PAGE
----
An occasional column by Gabe Nelson, Automotive News' D.C. correspondent, analyzing the auto industry's relationship with Washington.
2016 alert: Tesla's fight goes national
Gabe Nelson is a reporter for Automotive News and is based in Washington, D.C.
WASHINGTON -- The lights are on. The cameras are rolling. The flag pins are in place. And the topic of this unofficial Republican debate, taking place 30 months before the next presidential election, is whether Tesla Motors should be allowed to sell cars directly to the American consumer.
This used to be the stuff of smaller-scale scuffles, as Tesla fought state by state against franchise laws that restrict direct auto sales. But this month, the argument went national in a way that promises to turn Tesla into a key talking point for 2016.
It started a few weeks ago when New Jersey Gov. Chris Christie, a likely GOP presidential contender, allowed new licensing rules to take effect banning automakers from selling cars directly to customers. Tesla, which has showrooms at two New Jersey shopping malls, faces the prospect of having to cease sales in the state.
In a furious blog post, Tesla CEO Elon Musk slammed Christie for cutting a "backroom deal" on what he likened to a mafia-style protection racket. But the governor was unapologetic.
"I have no problem with Tesla selling directly to customers, except it's against the law in New Jersey," Christie was quoted as saying at a town hall meeting on March 17.
Other Republican stars seized on Christie's stand. Last week U.S. Sen. Marco Rubio of Florida threw down the gauntlet in an interview with CNBC.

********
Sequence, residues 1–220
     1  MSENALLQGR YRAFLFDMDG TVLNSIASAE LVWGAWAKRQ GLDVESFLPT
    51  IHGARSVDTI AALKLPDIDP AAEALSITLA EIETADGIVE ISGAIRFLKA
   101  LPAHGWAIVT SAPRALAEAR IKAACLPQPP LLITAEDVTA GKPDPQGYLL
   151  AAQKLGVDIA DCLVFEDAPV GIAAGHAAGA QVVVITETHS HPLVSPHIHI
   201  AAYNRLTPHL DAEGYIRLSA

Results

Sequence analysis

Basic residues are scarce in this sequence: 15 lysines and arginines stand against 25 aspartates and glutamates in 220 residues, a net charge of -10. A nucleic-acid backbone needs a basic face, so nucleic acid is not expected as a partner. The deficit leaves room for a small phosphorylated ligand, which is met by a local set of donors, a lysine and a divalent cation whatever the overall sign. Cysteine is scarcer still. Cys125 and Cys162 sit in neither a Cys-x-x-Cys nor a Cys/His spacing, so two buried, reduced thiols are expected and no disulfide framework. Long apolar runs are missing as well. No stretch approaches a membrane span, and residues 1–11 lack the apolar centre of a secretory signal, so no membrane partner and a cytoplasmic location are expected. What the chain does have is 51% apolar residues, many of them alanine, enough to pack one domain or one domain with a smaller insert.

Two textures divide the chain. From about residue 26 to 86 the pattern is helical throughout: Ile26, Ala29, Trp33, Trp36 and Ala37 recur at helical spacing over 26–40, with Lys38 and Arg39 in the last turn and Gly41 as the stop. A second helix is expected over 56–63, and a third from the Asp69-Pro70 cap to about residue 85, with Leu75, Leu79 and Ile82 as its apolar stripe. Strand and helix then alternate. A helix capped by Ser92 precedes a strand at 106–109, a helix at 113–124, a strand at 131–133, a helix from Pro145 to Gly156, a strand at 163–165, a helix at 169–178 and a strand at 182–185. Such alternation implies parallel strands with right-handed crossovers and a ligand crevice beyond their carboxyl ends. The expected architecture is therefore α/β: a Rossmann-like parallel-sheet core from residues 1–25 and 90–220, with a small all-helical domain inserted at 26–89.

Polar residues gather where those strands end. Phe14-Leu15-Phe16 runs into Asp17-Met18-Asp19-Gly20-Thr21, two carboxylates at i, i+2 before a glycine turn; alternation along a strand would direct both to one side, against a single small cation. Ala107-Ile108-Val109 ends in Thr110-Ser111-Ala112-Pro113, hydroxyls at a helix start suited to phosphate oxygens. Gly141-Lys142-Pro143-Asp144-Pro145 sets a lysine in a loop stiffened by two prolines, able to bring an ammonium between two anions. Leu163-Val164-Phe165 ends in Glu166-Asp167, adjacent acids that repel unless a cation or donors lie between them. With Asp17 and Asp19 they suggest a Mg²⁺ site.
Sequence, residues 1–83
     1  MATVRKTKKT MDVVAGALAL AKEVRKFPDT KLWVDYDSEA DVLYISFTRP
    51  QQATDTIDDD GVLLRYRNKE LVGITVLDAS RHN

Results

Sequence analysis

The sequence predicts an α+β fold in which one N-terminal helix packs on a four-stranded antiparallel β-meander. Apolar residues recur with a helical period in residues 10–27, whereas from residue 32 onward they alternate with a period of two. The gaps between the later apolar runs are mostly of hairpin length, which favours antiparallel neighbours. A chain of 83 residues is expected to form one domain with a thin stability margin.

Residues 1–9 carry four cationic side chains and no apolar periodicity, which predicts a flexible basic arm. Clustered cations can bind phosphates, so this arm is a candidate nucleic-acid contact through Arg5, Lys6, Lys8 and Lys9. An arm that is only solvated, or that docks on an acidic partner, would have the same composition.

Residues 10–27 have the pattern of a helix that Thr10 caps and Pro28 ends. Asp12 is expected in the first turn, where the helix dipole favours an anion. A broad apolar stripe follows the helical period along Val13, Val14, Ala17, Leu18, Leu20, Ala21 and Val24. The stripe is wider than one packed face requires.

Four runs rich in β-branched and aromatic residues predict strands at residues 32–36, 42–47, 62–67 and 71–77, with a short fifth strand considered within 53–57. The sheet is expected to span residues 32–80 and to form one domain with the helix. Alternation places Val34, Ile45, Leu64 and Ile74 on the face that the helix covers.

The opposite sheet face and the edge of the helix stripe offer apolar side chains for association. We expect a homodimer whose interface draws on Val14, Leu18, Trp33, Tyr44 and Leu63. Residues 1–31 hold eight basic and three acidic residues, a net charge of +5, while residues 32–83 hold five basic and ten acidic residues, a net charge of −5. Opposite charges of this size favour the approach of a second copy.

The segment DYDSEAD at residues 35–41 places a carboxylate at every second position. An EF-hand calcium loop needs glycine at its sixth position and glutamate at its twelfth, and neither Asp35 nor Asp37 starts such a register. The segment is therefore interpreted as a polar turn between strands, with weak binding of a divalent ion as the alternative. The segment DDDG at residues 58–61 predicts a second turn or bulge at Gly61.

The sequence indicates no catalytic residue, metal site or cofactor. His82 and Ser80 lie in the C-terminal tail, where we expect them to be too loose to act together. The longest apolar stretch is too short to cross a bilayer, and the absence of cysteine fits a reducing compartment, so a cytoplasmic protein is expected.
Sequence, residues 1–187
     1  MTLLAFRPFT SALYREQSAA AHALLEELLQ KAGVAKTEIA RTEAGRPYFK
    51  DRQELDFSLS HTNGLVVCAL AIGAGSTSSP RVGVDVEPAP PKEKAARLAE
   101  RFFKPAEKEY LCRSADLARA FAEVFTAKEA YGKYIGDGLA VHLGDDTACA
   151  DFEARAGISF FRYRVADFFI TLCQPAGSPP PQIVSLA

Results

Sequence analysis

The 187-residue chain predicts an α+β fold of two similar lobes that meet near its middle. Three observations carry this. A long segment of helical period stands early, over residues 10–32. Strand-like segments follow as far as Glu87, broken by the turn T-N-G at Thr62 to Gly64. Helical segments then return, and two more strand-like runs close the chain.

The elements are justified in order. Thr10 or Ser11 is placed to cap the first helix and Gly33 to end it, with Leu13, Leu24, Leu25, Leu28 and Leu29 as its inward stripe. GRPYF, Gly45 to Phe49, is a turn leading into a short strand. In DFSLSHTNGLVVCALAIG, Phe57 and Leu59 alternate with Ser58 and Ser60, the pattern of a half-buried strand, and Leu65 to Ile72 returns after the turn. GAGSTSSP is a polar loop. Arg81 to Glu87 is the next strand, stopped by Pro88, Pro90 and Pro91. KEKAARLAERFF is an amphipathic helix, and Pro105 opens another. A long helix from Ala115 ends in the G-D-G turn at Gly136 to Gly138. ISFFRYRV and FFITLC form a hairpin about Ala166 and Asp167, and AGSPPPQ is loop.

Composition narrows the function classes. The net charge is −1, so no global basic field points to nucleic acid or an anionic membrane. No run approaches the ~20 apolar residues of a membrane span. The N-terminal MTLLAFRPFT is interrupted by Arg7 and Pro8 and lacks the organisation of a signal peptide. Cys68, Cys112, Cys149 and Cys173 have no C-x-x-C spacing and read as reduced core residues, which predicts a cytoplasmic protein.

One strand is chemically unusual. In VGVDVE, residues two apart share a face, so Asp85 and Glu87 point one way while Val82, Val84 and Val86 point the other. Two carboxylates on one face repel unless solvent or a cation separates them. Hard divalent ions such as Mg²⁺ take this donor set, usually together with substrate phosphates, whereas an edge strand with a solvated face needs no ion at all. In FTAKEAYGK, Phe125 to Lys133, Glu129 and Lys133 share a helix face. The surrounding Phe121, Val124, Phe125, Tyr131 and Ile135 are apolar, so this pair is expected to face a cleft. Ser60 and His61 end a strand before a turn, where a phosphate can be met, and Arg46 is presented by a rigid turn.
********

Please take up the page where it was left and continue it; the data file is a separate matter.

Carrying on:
Rubio: Support for Tesla's plan
"It's an established product," Rubio said of Tesla's cars. "Customers should be allowed to buy products that fit their need, especially a product that we know is safe and has consumer confidence beneath it."
Asked why Christie signed off on the Tesla ban, Rubio demurred.
"I don't know," Rubio said. "You'll have to ask him."
It sounds like a GOP debate already.
Other GOP stars are weighing in too. Texas Gov. Rick Perry, who stumbled in a primary bid in 2012, said in an interview with Fox Business News that he'd like to revisit a Texas law restricting direct sales of Tesla vehicles in the state.
"We live in a different world than we did 30 years ago, 10 years ago," Perry said last week. "I think it's time for Texas to have an open conversation about this."
As it happens, Texas is on the shortlist -- along with Arizona, New Mexico and Nevada -- for a $5 billion gigafactory for batteries that Tesla is considering building.
Perry apparently thinks flexibility on the retail model could improve Texas' chances.
And for Perry, who isn't seeking re-election this year but likely will consider another presidential run, a Tesla win would be a nice feather in his cap come debate time.
But why are potential presidential candidates concerning themselves with a small-volume electric vehicle maker and how it sells its cars?
They aren't. What they're really talking about is the role of the government.